Thanks, Chris, for adding your valuable insights too. Yes, we will all find out sometime... and that is an exciting thought, in and of itself. :D

Sharon-- you've done it again and immediately countered with what I will call your "evolution agenda." I have very nicely requested (several times, I do believe) that we not get into creation vs. evolution on the forum, as it has NOTHING to do with scoliosis. You may PM me if you want to, although I see no point to discuss it further with you. I agree to disagree.

Prayer, on the other hand, along with a basic understanding of what it is (the theology of prayer, if you will) can have much to do with scoliosis-- and other health issues. Because of that, it is an appropriate topic for the forum.

As far as evidence for the God of the Bible, I rest my case, permanently, on his creation... He is an awesome God. Amen.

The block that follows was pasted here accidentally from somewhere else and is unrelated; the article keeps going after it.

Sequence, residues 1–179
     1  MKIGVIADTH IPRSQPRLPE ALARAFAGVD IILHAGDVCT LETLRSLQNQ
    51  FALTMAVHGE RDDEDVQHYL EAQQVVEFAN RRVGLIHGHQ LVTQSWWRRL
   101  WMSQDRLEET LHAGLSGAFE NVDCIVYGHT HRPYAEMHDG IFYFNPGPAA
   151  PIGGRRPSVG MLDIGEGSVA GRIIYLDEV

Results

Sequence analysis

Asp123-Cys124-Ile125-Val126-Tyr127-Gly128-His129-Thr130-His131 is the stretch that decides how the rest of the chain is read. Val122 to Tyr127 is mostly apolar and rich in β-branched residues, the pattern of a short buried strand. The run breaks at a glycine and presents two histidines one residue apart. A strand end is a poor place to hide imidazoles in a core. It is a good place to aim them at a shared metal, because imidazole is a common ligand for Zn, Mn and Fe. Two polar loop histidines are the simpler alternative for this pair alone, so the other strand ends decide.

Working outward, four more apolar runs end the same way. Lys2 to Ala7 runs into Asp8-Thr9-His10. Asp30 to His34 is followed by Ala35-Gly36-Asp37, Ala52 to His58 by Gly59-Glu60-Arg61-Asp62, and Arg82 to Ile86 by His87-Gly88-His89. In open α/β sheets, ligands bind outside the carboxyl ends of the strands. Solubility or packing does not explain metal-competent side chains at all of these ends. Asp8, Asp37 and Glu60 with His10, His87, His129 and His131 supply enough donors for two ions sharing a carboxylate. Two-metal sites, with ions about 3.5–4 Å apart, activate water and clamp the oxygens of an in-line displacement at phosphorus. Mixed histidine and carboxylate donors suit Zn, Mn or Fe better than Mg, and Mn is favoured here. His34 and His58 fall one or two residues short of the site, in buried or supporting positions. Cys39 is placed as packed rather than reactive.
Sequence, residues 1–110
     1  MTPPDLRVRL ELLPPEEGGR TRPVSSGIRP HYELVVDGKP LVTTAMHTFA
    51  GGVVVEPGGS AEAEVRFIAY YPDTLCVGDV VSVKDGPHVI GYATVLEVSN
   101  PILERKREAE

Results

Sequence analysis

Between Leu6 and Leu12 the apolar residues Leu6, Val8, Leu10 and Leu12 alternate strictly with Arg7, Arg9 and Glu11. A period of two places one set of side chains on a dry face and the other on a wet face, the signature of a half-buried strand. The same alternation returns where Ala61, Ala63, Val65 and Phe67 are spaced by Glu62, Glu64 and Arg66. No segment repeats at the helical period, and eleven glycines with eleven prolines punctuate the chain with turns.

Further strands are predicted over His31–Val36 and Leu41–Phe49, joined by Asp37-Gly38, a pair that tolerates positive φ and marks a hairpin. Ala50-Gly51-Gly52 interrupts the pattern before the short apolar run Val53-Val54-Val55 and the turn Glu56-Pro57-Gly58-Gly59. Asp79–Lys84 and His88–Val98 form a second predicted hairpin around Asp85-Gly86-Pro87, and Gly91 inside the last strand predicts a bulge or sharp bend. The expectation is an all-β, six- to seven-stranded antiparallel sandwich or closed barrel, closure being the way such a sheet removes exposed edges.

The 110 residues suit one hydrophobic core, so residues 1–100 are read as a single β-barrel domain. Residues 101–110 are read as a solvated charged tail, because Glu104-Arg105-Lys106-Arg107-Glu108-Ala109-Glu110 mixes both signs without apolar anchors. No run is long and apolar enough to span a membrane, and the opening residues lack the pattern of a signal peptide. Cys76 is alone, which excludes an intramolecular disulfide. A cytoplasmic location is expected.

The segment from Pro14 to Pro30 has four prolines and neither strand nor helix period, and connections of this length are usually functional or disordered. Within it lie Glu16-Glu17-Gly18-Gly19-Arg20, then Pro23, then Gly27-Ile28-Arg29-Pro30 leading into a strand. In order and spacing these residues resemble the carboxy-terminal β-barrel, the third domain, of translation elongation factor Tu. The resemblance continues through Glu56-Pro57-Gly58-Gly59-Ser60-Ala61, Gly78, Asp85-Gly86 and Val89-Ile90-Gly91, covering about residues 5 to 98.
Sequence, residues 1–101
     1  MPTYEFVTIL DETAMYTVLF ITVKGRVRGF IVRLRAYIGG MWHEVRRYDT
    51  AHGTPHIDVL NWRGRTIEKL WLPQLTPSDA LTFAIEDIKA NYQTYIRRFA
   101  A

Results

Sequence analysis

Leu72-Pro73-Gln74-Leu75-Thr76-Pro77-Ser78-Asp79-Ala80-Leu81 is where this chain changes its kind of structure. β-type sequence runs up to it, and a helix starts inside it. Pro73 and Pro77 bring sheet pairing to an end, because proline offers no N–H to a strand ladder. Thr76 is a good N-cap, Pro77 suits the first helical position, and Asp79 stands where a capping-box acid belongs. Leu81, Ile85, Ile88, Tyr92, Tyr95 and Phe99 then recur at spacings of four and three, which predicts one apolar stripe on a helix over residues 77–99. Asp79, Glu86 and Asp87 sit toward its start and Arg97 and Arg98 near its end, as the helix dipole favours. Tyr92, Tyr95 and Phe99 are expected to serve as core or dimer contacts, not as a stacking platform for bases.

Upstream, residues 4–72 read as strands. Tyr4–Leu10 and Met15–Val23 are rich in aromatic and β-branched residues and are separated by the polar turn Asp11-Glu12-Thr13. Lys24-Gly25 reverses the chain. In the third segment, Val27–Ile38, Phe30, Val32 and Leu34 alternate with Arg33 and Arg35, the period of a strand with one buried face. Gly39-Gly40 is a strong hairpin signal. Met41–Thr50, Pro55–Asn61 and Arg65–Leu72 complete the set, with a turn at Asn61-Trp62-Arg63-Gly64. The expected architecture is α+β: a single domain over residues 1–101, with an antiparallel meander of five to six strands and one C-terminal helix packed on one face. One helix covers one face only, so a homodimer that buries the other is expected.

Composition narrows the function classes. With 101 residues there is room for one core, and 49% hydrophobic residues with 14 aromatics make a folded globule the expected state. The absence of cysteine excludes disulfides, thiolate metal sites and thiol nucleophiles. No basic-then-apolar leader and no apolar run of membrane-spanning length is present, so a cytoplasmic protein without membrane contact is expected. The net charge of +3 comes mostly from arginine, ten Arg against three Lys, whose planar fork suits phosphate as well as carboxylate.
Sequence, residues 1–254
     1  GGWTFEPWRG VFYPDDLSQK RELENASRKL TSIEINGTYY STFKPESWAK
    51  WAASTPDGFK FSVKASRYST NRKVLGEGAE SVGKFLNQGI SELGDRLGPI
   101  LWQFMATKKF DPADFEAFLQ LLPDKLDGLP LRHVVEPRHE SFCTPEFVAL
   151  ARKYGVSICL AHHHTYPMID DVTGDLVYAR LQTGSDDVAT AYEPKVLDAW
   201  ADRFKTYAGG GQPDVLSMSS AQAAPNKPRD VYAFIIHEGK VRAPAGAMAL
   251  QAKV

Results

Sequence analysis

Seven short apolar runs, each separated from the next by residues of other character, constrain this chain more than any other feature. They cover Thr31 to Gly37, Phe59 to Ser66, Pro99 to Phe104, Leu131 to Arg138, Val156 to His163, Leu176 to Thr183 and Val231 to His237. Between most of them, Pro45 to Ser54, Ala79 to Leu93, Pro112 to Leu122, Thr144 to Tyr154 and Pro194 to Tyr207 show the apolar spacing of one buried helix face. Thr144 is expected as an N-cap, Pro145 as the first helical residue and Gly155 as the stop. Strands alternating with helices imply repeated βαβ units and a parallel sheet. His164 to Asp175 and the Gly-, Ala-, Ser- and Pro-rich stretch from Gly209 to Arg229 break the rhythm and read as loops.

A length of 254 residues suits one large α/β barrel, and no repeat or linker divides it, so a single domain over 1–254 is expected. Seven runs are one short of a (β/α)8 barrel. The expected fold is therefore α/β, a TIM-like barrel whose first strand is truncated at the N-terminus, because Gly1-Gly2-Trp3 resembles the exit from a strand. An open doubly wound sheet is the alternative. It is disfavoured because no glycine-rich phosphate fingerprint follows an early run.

As for my job as media coordinator of an elementary school library... I think you are either being silly or an alarmist. I have no agenda for shaping minds, other than to think and grow... I do believe you are correct in stating that the legalities of teaching anything other than evolution are confined to the science curriculum/science classroom. Regardless, I would never push my own agenda through some sort of censorship or "stacking the deck in my favor" or something... Do you not read children's books? I love them-- or at least all of them that are well written, regardless of their ideologies and religious or non-religious foundations. I want kids to develop their minds in many ways-- through all the different genres that come with a good library. I admire free thinkers over robots any day. I was not afraid for my own children to read books that did not agree with Christianity. Growing up includes being exposed to all kinds of ideas, from fantasy through non-fiction through science fiction and beyond... You made me chuckle to even think of censoring out any of the books that are in our library... But that made me wonder-- what would you do if you were the librarian??? Rid it of all that doesn't agree with you? I would hope you would be above that. Now let's let our differences rest and get on with scoliosis, its challenges, and the different avenues that are available for dealing with it. That's what we need to tackle with our brains at the moment, not each other. OK?